ELGAR Cello Concerto (Sheku Kanneh-Mason)

Record and Artist Details

Genre:

Orchestral

Label: Decca

Media Format: CD or Download

Mastering:

DDD

Catalogue Number: 485 0241

485 0241. ELGAR Cello Concerto (Sheku Kanneh-Mason)

Tracks:

Composition Artist Credit
Variations on an Original Theme, 'Enigma' Hannah Roberts
Ashok Klouda
Josephine Knight
Ben Davies
Sheku Kanneh-Mason
Caroline Dearnley
Blow the wind southerly Sheku Kanneh-Mason
Concerto for Cello and Orchestra Sheku Kanneh-Mason
London Symphony Orchestra
Simon Rattle
(4) Short Pieces Oliver Heath
Sara Wolstenholme
Sheku Kanneh-Mason
Heath Quartet
Gary Pomeroy
Chris Murray
Romance Heath Quartet
Toby Hughes
Chris Murray
Sara Wolstenholme
Gary Pomeroy
Oliver Heath
Sheku Kanneh-Mason

What is it with Elgar and young musicians? The Violin Concerto found Yehudi Menuhin and Nigel Kennedy caught in the throes of infatuation, while with Jacqueline du Pré and now Sheku Kanneh-Mason (winner of the 2016 BBC Young Musician competition) it was the Cello Concerto. Kanneh-Mason’s recording shines resplendent even against a backdrop of celebrity rivals, much abetted by Simon Rattle’s astutely stated LSO accompaniment, where every interlacing detail (especially among the woodwinds) is perfectly focused and the surging bass lines soar.

The Concerto’s opening immediately commands attention, and when Kanneh-Mason climbs the scale that peaks with Elgar’s first big tutti, his crying projection truly tugs at the heart-strings. The Scherzo suggests playful badinage, the Adagio a private prayer for solace rather than a candid confession (and how beautiful the hushed bars near its close); and when, in the finale, at the più lento section, Elgar’s meaningfully modulating themes suggest a sequence of unanswerable questions, there’s never a hint of overstatement.

Rattle’s previous recording with Sol Gabetta and the Berlin Philharmonic (on CD and DVD, the former with Martin≤’s First Concerto under Krzysztof Urbański, the latter with orchestral works including The Rite of Spring) is also very fine, as is Gabetta’s previous recording under Mario Venzago. When writing about Rattle and Gabetta I noted the conductor’s responsiveness, ‘the way he moulds phrases, nudges details to the fore, bends the line [and] holds tight to a salient accompanying detail (especially along the lower end of the spectrum)’. I’d add now that his mastery of Elgar’s idiom and ear for detail remind me of Adrian Boult at his most persuasive. And while the LSO’s leaner tonal properties are quite different to the gleaming profile of the BPO, Decca’s big, closely balanced recording makes for an equally impressive listening experience. As to comparing Kanneh-Mason with Gabetta, I sense marginally greater inwardness on Sheku’s part, especially in the first and fourth movements. It really is a remarkable performance, one that has already given me enormous pleasure.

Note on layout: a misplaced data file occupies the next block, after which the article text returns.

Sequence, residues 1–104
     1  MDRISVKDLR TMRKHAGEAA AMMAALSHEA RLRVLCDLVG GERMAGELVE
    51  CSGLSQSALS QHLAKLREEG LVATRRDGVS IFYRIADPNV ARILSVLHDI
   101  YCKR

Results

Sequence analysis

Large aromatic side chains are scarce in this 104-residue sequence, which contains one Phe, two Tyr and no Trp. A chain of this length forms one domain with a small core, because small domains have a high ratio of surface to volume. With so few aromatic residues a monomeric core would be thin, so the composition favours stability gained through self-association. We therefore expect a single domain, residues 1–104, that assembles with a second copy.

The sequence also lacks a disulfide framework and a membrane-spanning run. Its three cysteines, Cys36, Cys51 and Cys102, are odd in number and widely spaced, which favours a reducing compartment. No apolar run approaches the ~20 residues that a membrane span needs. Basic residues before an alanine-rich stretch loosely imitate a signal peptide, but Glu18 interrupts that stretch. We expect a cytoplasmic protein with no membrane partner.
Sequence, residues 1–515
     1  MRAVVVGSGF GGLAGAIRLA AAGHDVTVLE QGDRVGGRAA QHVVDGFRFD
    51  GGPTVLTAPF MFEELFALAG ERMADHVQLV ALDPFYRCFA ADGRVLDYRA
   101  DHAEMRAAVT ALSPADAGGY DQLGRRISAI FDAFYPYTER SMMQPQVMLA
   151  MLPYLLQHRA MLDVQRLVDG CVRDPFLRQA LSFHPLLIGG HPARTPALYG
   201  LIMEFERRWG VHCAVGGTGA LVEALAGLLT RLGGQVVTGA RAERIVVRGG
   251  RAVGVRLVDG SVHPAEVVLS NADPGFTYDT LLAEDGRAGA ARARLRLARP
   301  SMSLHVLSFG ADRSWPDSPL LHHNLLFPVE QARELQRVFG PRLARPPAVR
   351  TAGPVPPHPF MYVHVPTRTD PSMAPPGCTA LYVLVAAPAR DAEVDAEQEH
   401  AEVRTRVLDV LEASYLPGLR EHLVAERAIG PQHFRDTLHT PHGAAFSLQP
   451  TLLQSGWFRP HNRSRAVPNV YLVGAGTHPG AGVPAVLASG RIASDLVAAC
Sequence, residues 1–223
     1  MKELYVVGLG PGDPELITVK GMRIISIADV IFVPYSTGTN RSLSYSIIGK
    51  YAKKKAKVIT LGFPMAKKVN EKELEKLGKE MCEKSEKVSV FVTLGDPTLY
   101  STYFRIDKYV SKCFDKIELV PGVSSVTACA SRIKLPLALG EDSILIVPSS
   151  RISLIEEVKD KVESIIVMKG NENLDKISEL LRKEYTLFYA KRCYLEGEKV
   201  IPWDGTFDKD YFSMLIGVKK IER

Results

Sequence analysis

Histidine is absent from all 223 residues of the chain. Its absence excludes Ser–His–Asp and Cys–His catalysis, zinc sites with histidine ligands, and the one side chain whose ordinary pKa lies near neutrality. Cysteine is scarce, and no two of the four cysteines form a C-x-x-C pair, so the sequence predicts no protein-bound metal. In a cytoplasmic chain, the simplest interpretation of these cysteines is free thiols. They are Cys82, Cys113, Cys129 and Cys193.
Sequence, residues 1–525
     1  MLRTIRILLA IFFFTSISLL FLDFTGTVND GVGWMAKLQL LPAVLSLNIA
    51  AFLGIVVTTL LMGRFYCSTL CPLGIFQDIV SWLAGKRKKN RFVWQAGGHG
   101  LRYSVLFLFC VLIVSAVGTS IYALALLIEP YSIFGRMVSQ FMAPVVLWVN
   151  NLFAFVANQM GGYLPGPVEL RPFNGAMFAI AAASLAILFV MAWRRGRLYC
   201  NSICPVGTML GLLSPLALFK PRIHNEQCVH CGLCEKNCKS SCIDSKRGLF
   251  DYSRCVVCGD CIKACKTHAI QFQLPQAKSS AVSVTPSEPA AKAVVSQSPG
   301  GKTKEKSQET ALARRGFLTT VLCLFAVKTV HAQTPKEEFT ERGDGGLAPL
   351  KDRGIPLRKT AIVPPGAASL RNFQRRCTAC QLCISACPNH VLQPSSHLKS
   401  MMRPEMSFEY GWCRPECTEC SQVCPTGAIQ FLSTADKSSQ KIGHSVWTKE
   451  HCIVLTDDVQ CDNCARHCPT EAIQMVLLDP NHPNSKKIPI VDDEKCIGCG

The ensemble makeweights (where Kanneh-Mason serves as a first among equals) are what we in the radio business would call ‘fillers’, meaning so many pauses for breath between larger works. Sheku has tweeted a video of himself playing Simon Parkin’s cello ensemble arrangement of ‘Nimrod’ and while his appreciation of the ‘hunter’ as chamber music is obvious, both from what he says and how he plays, I wasn’t quite so keen. Something of the music’s essential nobility is lost and intimacy is no compensation. On the other hand, Bloch’s Prélude and ‘Prayer’ (From Jewish Life, arranged by Sheku himself) relate a genuine sense of cantorial intensity and the programme’s unaccompanied prelude, ‘Blow the wind southerly’ (again arranged by Sheku), is touching in its warmth and simplicity. Other pieces arranged for ensemble are by Elgar, Bridge, Klengel and Fauré, as well as ‘Scarborough Fair’. Crusty old curmudgeon that I am, I’d far rather have had the Walton or Finzi Concertos than any of it (Gabetta and Venzago also couple the Concerto with a sequence of mostly miniatures), but there’s little doubt that in terms of the Elgar Concerto, the digitally recorded ranks are significantly enriched: as well as Gabetta, such fine cellists as Natalie Clein (EMI, A/07), Alisa Weilerstein (Decca, 2/13) and Steven Isserlis (Hyperion, 3/16) now have a credible additional rival.

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